The 2nd Dimension

Sunday, June 12, 2005

Sin City movie Review

I was thinking about the Sin City movie a while ago and how a lot of people that I have talked to and a lot of reviews that I have read indicated that they generally enjoyed the "Hard Goodbye" and "That Yellow Bastard" storylines, but they did not really care for the "Big Fat Kill" part.

Even though I personally liked all parts of the movie, I couldn't help but think about the reasoning behind the favorable and unfavorable reactions that people had. After careful consideration (aka, my mind wandered over the subject for a relatively long time), my best guess was that it had something to do with the inner struggles of the stories' main characters.

To be more precise, Marv (from "Hard Goodbye") and Hardigan (from "That Yellow Bastard") were both characters who were driven from within but had to constantly struggle with thier own limitations. Marv had his limited intelligence and questionable sanity, and Hardigan had to work against his aging body and "bum ticker". Mix those inner struggles with the fact that they pretty much had the whole world working against them, and that they ultimately (spoiler) paid for those struggles with their lives (end spoiler), and it makes from some pretty compelling characters.

And then you have Dwight (from "Big Fat Kill"). He's young, he has all his mental faculties in order for the most part, and he had a whole possy of bad-ass beauties to fight for and to watch his back. He struggled, but most all of his enemies were easily identified, fought, and crushed and he had hardly a scratch as a result. Not nearly as compelling nor nearly as empathetic. At least, not if that is the limit of your exposure to old Dwight McCarthy.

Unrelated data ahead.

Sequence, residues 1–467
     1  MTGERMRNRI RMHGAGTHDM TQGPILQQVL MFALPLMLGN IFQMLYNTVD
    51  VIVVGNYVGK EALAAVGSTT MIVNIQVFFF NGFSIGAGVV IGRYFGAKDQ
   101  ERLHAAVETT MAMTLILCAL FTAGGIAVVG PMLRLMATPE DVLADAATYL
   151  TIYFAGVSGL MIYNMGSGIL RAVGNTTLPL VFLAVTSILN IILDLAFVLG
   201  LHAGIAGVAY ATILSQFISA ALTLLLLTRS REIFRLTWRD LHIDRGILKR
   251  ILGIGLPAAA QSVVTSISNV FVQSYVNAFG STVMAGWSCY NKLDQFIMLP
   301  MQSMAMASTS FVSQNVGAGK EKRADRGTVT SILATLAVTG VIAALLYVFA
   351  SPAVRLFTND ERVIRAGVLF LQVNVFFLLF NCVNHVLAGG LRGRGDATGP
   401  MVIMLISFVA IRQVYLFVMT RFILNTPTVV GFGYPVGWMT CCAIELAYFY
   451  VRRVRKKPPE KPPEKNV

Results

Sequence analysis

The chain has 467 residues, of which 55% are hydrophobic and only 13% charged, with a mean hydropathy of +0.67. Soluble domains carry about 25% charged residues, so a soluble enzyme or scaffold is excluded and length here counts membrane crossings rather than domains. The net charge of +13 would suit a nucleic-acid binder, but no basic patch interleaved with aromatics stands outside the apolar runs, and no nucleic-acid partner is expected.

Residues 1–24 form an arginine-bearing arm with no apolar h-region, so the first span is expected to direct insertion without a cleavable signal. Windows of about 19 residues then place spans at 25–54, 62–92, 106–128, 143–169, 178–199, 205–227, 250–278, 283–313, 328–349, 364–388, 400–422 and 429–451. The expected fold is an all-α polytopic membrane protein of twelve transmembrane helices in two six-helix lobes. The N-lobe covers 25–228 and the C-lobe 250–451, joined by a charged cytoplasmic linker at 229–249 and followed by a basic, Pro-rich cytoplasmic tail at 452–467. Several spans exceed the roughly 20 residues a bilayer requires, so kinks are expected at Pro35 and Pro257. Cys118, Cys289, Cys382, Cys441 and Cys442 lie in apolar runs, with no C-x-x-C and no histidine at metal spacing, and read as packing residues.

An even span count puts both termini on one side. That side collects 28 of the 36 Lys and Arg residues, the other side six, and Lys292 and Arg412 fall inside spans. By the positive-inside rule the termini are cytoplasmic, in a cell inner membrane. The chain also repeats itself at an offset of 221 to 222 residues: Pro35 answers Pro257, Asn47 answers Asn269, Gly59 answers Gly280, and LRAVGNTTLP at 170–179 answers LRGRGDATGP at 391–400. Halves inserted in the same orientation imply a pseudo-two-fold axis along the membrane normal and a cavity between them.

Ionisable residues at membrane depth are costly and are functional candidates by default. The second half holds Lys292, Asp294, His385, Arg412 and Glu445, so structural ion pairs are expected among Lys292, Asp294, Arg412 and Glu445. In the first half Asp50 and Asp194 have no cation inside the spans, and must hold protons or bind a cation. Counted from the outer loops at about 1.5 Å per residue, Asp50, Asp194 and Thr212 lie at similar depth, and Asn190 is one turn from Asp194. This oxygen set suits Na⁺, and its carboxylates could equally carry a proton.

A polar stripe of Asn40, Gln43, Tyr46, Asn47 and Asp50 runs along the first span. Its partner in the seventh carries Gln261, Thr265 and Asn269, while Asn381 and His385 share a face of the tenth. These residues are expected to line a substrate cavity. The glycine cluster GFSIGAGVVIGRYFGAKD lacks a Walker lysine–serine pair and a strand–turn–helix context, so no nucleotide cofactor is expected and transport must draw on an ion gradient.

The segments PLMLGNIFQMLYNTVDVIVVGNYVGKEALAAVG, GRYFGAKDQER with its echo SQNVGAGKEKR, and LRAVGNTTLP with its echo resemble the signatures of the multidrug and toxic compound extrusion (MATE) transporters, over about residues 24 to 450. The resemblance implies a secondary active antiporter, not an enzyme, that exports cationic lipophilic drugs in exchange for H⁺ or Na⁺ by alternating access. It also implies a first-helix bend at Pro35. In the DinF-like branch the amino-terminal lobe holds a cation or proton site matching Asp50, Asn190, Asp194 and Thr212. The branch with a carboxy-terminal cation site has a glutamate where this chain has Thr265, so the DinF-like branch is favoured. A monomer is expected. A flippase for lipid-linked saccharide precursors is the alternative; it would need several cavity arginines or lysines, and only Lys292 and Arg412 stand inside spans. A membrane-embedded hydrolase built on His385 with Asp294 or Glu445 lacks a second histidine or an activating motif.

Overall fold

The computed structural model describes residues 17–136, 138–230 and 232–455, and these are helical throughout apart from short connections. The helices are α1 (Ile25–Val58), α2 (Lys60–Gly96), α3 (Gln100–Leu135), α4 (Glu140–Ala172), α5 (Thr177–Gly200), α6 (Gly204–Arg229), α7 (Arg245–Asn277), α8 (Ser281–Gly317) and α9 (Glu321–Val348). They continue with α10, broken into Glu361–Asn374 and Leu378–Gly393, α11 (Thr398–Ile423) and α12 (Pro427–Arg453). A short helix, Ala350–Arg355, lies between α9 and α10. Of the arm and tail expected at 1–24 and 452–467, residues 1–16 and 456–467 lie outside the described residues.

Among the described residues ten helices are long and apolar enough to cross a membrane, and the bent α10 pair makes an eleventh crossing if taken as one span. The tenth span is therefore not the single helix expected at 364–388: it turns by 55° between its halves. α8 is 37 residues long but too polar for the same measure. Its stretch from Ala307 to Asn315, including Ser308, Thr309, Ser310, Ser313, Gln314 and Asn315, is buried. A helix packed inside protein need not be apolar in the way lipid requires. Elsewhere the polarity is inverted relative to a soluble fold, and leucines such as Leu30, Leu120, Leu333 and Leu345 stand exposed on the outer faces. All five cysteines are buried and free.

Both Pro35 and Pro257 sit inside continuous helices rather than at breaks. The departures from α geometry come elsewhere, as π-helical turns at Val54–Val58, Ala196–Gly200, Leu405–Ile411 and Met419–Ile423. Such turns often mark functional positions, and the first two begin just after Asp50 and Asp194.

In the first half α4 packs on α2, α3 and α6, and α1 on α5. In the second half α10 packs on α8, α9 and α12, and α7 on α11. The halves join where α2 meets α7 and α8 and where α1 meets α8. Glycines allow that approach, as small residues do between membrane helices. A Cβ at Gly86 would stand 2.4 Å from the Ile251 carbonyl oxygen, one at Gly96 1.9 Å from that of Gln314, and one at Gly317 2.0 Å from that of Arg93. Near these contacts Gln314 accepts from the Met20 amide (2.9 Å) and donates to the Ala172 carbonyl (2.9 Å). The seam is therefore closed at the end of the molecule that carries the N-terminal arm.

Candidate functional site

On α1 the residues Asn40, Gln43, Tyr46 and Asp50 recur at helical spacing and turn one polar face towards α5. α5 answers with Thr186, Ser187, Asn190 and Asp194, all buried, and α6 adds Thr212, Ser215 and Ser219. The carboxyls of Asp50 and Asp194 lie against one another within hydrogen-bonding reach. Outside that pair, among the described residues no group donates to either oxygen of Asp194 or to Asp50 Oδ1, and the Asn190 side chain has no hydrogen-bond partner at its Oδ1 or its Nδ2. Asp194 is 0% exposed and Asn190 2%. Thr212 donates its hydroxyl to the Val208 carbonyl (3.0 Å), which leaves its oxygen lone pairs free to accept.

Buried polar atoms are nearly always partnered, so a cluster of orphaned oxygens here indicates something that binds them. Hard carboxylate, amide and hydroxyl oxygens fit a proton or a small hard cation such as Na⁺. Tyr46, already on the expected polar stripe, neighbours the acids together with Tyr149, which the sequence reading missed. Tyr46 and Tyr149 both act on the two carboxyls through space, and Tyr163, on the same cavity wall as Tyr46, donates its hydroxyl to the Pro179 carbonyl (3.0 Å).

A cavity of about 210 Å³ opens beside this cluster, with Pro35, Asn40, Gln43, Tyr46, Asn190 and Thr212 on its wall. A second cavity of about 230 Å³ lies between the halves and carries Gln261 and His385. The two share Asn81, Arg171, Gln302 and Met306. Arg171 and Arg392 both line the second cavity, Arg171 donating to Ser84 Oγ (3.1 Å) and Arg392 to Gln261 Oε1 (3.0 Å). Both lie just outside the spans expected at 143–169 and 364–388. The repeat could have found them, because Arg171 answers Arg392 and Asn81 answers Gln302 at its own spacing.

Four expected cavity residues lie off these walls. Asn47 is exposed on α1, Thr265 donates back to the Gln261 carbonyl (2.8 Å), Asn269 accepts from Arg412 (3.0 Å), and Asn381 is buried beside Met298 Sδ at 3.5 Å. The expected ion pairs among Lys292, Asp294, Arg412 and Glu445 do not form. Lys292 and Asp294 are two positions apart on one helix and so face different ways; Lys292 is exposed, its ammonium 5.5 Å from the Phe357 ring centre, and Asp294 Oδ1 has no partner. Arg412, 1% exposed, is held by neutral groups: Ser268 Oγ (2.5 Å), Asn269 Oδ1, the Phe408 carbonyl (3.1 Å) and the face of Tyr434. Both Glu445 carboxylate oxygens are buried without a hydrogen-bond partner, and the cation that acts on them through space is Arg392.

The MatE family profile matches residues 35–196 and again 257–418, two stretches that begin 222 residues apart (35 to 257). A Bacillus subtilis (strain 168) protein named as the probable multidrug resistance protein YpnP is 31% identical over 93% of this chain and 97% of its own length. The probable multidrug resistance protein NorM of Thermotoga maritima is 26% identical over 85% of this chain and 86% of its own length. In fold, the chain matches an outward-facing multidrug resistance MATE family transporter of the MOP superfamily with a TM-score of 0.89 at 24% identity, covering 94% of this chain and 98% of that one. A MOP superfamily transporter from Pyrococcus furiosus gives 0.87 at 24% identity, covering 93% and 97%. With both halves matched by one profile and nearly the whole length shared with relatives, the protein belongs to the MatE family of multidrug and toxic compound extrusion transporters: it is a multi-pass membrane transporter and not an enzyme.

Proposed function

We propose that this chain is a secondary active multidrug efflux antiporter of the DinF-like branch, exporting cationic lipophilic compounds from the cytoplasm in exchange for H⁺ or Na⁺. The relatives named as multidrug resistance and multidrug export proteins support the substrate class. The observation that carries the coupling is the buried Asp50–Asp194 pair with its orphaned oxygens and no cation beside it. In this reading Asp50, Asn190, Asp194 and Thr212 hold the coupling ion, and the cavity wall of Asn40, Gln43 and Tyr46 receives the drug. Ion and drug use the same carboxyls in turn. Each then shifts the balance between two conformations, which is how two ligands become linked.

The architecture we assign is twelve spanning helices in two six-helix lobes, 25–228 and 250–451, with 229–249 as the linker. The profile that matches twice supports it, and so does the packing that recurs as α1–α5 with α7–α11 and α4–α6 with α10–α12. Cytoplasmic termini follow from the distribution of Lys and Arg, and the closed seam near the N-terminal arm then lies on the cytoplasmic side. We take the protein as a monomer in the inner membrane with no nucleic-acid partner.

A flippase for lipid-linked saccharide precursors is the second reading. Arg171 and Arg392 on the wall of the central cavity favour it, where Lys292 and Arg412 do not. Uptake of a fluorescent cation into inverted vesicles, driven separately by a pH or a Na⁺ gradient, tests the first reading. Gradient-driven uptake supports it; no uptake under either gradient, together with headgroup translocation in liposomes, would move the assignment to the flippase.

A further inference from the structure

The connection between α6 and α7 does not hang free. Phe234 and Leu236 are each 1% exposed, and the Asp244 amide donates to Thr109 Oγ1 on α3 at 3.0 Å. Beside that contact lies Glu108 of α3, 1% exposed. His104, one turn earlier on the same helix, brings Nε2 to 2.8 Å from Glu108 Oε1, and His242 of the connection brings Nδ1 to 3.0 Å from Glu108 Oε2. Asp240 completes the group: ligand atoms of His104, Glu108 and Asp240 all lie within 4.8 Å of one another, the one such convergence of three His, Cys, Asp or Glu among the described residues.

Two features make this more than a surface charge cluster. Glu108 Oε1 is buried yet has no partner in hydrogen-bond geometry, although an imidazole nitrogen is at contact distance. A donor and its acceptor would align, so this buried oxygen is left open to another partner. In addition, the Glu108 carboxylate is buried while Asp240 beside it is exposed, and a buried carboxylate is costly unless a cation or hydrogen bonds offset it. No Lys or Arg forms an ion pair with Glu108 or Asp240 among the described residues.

The one thing that I tend to bring up to people who mention their distaste for "Big Fat Kill" is that it is actually the follow-up to another Sin City yarn called "A Dame to Kill For" (and my favorite volume in the collection). This is the story that shows you the inner deamons that Dwight had to overcome in order to become the cool, quick-to-action hero seen in the movie. In "Dame" you see Dwight as a recovering alchoholic. You see his repressed passion as he works odd jobs to live a lawful and socially acceptable life. You see him use his friends for his own gain instead of putting his life on the line for their sake. You see him unsure of his own convictions. And (spoiler) though he doesn't die, he does go through a transformation of his own by the end (end spoiler). Ultimately, you see a more compelling character. And I think that once you are associated with that side of the man, you will be able to appreciate his hero-complex as seen in "Big Fat Kill".

Thankfully, everyone will be able to see the compelling side of him when the Sin City movie sequal comes out next summer. It will be composed entirely of the "Dame to Kill For" story arc (as far as I've heard so far). Very cool.

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